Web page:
The findings reported in this paper highlight the need for adequate resourcing to be provided to career advisers to build personal relationships with students. Given that students from low SES backgrounds tend to access career-related information from informal, social sources rather than formal ones (Greenbank, 2011; Smith, 2011), a career adviser who has the time to build personal relationships is a powerful bridge. Specifically, a career adviser can mediate between the student and formal knowledge, providing the student with accurate information in a form which they trust and can readily take up. A career adviser can mitigate disadvantage caused by limited- and mis-information which can be problematic with socially received knowledge (Greenbank, 2009; Smith, 2011). Thus, relationship-building with students, the largely ‘invisible’ work of career advisers, needs to be made explicit and recognised for the time commitment it requires.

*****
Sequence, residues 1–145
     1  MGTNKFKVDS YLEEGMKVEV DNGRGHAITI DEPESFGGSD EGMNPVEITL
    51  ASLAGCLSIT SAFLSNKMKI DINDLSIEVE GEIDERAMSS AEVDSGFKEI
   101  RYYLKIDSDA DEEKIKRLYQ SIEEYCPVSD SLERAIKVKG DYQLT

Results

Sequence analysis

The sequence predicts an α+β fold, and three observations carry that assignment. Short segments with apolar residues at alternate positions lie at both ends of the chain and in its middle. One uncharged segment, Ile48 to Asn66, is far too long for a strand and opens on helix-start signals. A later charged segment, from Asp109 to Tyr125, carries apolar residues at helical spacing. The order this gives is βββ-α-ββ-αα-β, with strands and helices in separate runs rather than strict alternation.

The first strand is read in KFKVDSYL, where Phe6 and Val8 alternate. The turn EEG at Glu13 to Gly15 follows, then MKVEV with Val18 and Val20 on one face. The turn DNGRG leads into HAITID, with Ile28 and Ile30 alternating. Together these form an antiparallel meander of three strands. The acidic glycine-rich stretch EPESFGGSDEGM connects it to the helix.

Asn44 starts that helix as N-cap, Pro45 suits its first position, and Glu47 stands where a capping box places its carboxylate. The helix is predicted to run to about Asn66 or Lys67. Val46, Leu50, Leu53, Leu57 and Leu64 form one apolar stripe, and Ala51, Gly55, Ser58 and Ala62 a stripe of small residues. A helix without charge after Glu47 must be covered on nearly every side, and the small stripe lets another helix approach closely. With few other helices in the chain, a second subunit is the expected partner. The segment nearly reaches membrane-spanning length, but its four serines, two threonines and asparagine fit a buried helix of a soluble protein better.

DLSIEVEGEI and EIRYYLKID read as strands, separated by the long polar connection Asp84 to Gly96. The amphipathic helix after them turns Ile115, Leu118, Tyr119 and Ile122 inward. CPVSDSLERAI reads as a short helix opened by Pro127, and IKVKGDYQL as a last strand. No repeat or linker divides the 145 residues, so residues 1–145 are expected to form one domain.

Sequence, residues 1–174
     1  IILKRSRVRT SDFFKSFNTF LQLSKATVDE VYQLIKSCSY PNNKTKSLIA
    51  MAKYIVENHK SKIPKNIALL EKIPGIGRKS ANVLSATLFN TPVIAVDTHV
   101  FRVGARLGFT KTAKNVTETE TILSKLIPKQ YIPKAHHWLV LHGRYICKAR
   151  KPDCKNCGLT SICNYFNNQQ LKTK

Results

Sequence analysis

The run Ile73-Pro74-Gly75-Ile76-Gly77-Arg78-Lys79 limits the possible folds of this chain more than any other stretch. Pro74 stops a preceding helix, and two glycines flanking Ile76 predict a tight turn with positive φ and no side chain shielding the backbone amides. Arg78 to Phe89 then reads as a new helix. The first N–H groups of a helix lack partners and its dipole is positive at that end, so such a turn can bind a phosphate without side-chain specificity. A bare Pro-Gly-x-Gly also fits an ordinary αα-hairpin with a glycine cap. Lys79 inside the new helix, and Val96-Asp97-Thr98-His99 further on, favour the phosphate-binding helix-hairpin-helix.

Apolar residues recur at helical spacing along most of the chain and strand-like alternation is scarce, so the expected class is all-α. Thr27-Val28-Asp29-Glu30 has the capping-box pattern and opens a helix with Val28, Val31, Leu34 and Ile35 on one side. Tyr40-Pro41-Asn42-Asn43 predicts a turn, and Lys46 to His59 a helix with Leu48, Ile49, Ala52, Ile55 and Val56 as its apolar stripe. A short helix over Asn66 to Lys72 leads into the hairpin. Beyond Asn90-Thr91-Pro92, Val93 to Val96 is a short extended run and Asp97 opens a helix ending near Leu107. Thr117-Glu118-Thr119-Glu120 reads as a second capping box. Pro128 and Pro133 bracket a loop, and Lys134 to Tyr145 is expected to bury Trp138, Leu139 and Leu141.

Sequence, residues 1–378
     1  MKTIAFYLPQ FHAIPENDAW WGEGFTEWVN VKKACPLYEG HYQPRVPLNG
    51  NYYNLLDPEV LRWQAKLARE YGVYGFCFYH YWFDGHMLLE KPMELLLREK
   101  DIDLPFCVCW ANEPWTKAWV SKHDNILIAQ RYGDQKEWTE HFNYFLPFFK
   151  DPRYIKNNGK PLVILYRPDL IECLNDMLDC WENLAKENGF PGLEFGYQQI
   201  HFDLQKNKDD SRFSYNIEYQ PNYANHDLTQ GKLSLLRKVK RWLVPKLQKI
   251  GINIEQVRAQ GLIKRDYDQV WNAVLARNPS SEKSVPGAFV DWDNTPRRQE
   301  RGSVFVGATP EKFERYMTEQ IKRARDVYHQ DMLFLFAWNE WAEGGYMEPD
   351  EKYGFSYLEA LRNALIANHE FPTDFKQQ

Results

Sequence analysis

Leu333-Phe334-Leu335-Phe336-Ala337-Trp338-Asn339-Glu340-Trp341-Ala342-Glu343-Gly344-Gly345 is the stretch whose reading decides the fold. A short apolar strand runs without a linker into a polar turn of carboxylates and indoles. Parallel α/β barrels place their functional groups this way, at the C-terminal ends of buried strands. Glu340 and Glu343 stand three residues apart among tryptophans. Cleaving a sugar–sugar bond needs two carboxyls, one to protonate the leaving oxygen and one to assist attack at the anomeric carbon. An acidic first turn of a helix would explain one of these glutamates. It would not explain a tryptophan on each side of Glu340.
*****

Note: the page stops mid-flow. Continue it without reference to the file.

Stemming from this research, it is recommended to expand career provision beyond the responsibility of the career adviser to improve educational and employment outcomes for students from low SES backgrounds. A model which takes a whole-school approach to career education values the expertise of the career adviser but spreads obligations for career support amongst all members of the school, particularly classroom and subject specialist teachers (Parliament of Victoria, 2018; Yates & Bruce, 2017). Within this model, all teachers embed career knowledge and linkages in their lessons and curriculum and are available to students for career conversations (Furbish & Reid, 2013; Yates & Bruce, 2017). In this way, students can build on existing relationships that they have already developed with their classroom teachers to further develop their understanding of the post-school education and employment pathways available to them. A whole-school approach which increases a student’s network expands the social connections and social capital of the student allows them to access the knowledges, experiences and cultural capital of the broader school staff, and promotes educational aspiration and attainment (Chesters & Smith, 2015; Vernon & Drane, 2021).